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Prisoner's Daughter

When Max (Brian Cox) is released from prison early due to good behavior (and pancreatic cancer), he has nowhere to go. He still has contacts from his former life as a "heavy" in the Las Vegas underworld, but he has no desire to get back into all that. What he wants to do with the months he has left is reconnect with his daughter Maxine (Kate Beckinsale). Unfortunately, she wants nothing to do with him. She is the struggling single mom of son Ezra (Christopher Convery), piecing together random jobs so she can pay for Ezra's epilepsy medication. Maxine doesn't have the bandwidth for some delayed affectionate reunion with her father, who let her down in many ways. But she caves. Max moves in with Maxine and Ezra. "Prisoner's Daughter," directed by the talented Catherine Hardwicke, details the chaos and catharsis of what comes next.

With a script by Mark Bacci, "Prisoner's Daughter" unfolds on fairly predictable lines: the slow melting of Maxine towards her father, the bond formed between grandfather and grandson, etc., and Brian Cox and Kate Beckinsale fill their thinly-drawn characters with backstory and fleshed-out complicated emotions. Every scene is loaded with baggage from the past. Ezra, bullied at school for his seizures, needs a father figure since his own dad is a drug-addicted loser named Tyler (Tyson Ritter), who plays in a "band" and lives in what he calls "an artists' co-op" (really just a drug lair). Ezra wants to see his dad more. Tyler demands to be a part of his son's life. Maxine knows the dangers and is willing to be the "bad guy," refusing Tyler access. Max, ensconced in the small house, tries to intervene. Sometimes this goes well, other times, not so well.

Good scripts make you forget they are scripts. The script for "Prisoner's Daughter" is quite talky and never takes wing. You can almost see the words on the page, despite the strong efforts of Beckinsale and Cox. Young Convery (very good in a similar role in "Pinball: The Man Who Saved the Game") doesn't fare as well. While Ezra is what you'd call "precocious," his dialogue tilts into cutesy and sounds like it was written by someone who doesn't know kids. The self-aware wisecracks grate, as does the calm ability to initiate difficult emotional conversations with adults, using therapeutic-speak, like a sit-com kid, circa 1987. It's hard to get past this problem. If dialogue doesn't sound real, nothing else has a chance to lift off. The film is betrayed by its final sequence, where Max takes matters into his own hands, a plot development from a different type of movie altogether. And so what could have been character-driven is plot-driven after all. "Prisoner's Daughter" deflates.

If you only saw Las Vegas in film, you'd think it was solely made up of the neon strip and populated by gangsters, high-rollers, and showgirls. But Las Vegas is, of course, a place where normal people live. Similar to Alexander Payne's "The Descendants," taking place in a Hawaii rarely shown in film, "Prisoner's Daughter" evokes Las Vegas in all its desert beauty and squalor (the "artists' co-op" is the grungy stuff of nightmares). Maxine refers to her little house as a "dump," but it has a backyard, and an unfinished garage, and she's done her best to make it homey despite her limited means.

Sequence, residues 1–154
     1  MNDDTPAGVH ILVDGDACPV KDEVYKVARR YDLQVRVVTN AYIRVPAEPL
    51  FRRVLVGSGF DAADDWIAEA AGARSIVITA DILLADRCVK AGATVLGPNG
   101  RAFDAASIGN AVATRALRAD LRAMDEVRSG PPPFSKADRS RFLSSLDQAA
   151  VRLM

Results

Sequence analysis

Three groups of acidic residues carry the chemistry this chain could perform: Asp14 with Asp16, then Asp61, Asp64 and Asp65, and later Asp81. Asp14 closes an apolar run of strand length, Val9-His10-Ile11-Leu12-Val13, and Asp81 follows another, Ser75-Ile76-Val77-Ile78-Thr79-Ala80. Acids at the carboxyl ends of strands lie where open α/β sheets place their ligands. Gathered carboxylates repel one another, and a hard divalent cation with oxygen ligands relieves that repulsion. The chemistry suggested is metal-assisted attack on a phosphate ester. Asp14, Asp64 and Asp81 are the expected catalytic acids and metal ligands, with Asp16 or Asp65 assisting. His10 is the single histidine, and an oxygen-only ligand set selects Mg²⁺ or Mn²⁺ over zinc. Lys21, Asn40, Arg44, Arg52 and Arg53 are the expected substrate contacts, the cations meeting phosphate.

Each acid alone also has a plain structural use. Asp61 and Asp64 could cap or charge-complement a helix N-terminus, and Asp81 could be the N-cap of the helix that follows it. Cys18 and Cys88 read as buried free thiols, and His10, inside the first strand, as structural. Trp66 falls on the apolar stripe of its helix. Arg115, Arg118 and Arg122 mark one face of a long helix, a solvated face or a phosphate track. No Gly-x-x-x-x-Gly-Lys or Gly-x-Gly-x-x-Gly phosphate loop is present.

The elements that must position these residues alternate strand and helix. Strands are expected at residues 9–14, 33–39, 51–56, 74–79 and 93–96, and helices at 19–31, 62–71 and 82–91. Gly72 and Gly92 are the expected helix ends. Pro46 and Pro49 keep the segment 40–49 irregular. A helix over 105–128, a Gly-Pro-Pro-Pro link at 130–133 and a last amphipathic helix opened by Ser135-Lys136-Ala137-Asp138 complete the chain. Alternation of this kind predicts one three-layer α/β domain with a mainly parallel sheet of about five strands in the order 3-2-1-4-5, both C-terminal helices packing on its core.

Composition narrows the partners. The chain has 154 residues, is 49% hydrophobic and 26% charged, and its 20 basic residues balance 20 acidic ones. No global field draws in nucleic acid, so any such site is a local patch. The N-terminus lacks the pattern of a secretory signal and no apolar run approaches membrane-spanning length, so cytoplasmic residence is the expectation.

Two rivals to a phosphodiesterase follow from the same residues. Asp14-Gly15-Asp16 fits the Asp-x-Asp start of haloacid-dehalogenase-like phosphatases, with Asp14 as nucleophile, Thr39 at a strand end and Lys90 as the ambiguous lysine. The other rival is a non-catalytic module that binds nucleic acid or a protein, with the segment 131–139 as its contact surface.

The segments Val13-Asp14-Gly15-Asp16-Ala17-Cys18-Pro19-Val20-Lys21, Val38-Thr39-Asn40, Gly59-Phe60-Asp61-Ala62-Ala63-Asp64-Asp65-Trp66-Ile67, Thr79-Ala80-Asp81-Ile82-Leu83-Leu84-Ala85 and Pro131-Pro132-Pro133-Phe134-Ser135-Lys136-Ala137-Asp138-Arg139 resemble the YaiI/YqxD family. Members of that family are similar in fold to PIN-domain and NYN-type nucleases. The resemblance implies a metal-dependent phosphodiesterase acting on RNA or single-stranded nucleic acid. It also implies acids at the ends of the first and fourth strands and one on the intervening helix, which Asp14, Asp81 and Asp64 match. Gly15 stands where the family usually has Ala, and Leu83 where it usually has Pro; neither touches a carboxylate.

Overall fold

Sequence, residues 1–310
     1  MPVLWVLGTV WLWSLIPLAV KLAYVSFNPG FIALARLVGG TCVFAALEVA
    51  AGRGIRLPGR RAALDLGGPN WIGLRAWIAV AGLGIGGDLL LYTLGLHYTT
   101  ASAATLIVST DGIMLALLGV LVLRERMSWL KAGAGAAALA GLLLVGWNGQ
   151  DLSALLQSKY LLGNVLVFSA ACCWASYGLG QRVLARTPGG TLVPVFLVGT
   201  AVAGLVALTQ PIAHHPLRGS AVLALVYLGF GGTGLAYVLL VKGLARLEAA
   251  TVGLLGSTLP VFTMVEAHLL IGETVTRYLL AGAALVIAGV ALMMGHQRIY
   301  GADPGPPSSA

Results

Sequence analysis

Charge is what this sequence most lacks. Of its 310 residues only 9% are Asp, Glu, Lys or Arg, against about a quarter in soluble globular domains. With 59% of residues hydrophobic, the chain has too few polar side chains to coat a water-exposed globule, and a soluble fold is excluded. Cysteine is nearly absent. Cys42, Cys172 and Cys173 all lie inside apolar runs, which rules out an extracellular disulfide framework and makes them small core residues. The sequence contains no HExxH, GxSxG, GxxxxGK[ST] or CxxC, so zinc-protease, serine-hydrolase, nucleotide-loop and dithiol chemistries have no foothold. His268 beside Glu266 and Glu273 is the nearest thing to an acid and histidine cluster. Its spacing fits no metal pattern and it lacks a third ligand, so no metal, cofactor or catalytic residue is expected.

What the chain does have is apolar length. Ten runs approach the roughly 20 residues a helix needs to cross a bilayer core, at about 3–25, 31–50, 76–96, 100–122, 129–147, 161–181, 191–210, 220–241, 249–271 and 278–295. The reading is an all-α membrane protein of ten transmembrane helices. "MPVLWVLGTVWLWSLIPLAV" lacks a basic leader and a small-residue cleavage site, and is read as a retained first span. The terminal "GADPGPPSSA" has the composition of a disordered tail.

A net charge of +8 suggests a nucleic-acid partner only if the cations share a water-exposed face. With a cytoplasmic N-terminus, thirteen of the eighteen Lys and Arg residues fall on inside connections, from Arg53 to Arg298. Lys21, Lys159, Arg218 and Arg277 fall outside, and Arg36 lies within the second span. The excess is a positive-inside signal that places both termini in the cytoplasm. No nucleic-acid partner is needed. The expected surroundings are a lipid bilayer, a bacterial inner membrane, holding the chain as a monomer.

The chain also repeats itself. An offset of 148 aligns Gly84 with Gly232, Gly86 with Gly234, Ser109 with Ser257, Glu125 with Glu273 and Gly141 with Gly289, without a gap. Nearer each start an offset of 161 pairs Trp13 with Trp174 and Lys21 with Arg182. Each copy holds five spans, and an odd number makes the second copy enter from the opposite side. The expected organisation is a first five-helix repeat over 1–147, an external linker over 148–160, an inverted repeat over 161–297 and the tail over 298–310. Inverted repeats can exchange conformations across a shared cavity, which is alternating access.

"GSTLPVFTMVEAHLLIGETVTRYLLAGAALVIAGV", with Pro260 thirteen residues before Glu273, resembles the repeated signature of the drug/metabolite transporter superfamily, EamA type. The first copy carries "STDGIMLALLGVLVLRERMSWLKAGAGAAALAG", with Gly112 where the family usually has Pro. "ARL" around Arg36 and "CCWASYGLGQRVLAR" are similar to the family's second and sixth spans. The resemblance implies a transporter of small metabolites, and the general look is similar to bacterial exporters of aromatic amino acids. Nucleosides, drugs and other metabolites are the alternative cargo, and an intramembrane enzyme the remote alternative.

The film's best moment is a small one where Maxine is offered a job in a corporate laundromat. The awestruck look on Beckinsale's face when "health insurance" is mentioned during the job interview is piercing and eloquent. Emotion doesn't have to be conveyed with words. The moment is an indictment of the entire stinking system, where the ability to pay for your son's crucial medication is tied to employment. It's inhumane.

In "Lords of Dogtown," Catherine Hardwicke did a very difficult thing: she captured the vibe of a specific scene. Subcultures are sometimes impenetrable to outsiders, and skateboarding/surfing in '70s California was a real vibe, and Hardwicke nailed it. Hardwicke's first film was "Thirteen," a frightening look at two newly-teenage girls, hungry for experiences far beyond their years. Hardwicke approached the material with fearless intimacy. She also helmed the vibe-iest film of the 2000s, "Twilight," with moody teenage love unfolding in the chilly light of the Pacific Northwest. "Twilight" is the best of the franchise, made fun of by those who pooh-pooh films championed by teenage girls. Meanwhile, teenage girls are cultural weathervanes, and Hardwicke caught that spirit. Teenage girls often spot things first and point the way. Hardwicke reveled in the spectacle of gloomy Kristen Stewart and glittery Robert Pattinson. She understood the subtext. These three films make up an extremely strong start.

"Prisoner's Daughter" is tepid by comparison, but Hardwicke does her best to embed herself in the story, trying to catch the vibe. However, there is no vibe. She tries to create something that isn't there to begin with. This is the job of any talented director, particularly with a script as clunky as this one. Hardwicke has a good eye, a good ear, and a sensitive feel for atmosphere. Hopefully her next project will give her the space to show what she can actually do.

Now playing in theaters. 

Sheila O'Malley

Sheila O'Malley received a BFA in Theatre from the University of Rhode Island and a Master's in Acting from the Actors Studio MFA Program. Read her answers to our Movie Love Questionnaire here.

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Prisoner's Daughter movie poster

Prisoner's Daughter (2023)

Rated R for language and some violence.

98 minutes

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